Software Nerd

Saturday, May 12, 2007

Laws about virtual reality

I don't play any role-playing games, but I find it disconcerting that people are starting to treat games like they're "real".

Taxation of in-game transactions: The first example of this is the discussion about taxation in games. If someone builds something in a game which he then sells for real money, I can understand that being treated as income. However, there are some people who're discussing real-world taxation of exchanges that happen completely within games, without any real-world trade.

Here's their argument (not being a gamer, my example will have to be abstract): suppose I build something inside a game that has value in the real world -- I could sell it, even if I actually don't. Let's say another person also builds something inside a game. Now, we exchange what each has created. A taxman could say I've exchanged something that has "real world" value for something else of "real world" value, therefore I've entered into a barter transaction, no different from a programmer writing software and giving it to a baker in exchange for a year's worth of chocolate cakes (yummy)!

Barters are taxable (if they're reported). If two people each have things that have $100 market values and exchange it, it is treated as Person A selling the item for $100 and buying Person B's item for $100. Thus, each ends up with $100 of taxable income, even though no money changed hands. (Of course barter transactions go under the radar and "market value" can be stretched, but that's not the point here.)

The blogger I linked to above argues against taxing "in game" trades, but her reasons are very poor. She argues against the...
...regressive nature of the tax because players who put in the most time and the east money would owe the most tax, although players who put in the most time 40-80 hours a week or more) tend not to be employed full-time (e.g., students). layers with higher incomes tend to be those putting in less time; they tend to spend money in the "real market" in lieu of hours of "grinding" to level up.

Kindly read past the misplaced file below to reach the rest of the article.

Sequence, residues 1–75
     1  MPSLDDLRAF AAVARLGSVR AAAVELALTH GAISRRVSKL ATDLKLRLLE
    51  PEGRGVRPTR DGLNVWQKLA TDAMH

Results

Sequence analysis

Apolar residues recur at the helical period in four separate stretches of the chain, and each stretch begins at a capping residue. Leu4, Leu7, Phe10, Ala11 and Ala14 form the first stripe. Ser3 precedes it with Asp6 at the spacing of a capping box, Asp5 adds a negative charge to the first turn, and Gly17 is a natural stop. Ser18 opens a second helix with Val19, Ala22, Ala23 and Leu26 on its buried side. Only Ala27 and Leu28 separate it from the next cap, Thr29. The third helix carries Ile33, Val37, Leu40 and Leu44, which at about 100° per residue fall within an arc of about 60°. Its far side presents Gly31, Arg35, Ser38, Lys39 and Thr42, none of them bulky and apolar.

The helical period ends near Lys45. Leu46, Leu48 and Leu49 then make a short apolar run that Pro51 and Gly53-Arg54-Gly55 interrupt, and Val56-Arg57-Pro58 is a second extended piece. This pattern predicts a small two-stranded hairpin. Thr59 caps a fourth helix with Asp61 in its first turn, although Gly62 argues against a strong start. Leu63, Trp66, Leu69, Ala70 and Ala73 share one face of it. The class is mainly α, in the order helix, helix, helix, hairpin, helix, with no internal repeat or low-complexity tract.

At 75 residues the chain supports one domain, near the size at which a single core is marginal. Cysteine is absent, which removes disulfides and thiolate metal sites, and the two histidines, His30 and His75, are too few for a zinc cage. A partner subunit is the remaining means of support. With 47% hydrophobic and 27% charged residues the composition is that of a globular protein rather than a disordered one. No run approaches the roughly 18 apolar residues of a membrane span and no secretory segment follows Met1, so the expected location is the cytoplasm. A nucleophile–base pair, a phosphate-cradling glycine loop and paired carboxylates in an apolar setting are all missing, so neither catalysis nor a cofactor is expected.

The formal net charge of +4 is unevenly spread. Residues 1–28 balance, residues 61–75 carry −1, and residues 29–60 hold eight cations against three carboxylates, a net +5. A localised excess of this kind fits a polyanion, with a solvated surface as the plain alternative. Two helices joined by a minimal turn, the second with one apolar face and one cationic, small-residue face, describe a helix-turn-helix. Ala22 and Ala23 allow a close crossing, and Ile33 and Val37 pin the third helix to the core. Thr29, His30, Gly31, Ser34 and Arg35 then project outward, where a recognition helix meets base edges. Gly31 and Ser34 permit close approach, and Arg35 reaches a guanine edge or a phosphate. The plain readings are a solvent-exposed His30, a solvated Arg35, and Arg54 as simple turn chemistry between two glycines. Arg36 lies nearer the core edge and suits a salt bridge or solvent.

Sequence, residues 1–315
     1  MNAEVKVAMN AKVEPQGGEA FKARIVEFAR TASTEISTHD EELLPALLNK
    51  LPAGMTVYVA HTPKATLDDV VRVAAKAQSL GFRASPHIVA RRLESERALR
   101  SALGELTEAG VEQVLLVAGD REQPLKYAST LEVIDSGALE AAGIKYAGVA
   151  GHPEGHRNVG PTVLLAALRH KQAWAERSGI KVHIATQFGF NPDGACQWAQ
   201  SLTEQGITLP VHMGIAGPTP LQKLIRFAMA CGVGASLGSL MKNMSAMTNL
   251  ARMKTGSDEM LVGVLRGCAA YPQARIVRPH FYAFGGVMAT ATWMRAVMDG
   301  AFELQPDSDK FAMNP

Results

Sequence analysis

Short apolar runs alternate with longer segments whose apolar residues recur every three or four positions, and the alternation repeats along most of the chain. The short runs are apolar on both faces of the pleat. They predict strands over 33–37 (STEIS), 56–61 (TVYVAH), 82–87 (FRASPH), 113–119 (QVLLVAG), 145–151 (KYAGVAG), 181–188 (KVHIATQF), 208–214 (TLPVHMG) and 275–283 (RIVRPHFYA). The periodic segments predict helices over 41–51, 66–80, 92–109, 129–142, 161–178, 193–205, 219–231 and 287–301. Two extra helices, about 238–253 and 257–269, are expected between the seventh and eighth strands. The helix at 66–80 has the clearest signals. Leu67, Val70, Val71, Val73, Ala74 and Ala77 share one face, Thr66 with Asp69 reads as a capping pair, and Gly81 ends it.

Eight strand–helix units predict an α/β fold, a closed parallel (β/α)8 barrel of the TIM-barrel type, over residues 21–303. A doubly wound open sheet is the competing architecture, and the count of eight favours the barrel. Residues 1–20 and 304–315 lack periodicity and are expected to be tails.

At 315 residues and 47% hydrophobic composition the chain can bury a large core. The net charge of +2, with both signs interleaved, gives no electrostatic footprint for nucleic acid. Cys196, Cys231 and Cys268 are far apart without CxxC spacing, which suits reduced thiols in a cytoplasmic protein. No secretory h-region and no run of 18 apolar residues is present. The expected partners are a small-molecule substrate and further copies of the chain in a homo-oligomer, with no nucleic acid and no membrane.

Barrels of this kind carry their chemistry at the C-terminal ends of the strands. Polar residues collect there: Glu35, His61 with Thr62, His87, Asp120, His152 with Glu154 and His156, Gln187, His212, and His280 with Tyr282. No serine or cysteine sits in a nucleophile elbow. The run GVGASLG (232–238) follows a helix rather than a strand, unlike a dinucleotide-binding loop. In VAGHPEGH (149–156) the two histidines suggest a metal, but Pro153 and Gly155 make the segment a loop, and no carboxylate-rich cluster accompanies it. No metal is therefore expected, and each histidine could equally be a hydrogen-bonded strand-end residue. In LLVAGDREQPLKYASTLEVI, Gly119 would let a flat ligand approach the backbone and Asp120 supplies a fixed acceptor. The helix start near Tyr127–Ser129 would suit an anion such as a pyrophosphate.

A very poor argument.

Crime inside games: Now, for a different example: crime in online games. Since a game is programmed, whoever programmed it makes the rules. For instance, one might have a game where players "kill" other players. Now, what if someone has a game that does not allow "killing", but some hacker figures out how to do so anyway. Should the law get involved? I'd say, that depends on the specifics. However, even if the law is involved, it might be a civil case, or it might be some type of computer-crime or property-crime, not murder!

However, a recent news-story says that someone playing "Second Life" in Belgium complained to the police, because she was raped inside the game. While the game allows avatars to "have sex" if the players allow it, it appears that some hackers figured out how to make their avatars "have sex" with another player's avatar regardless of the other player's instructions. However, some people discussing this (links in news-story above) seem to have a hard time thinking of it in terms of a computer crime -- the moving of bits and bytes, and seem to confuse it with the real-life equivalent, even though they don't quite equate the two. Supposedly the police got involved, but they may simply be treating it as a computer-crime/property-crime.

I wonder what Objectivist gamers think about all this.


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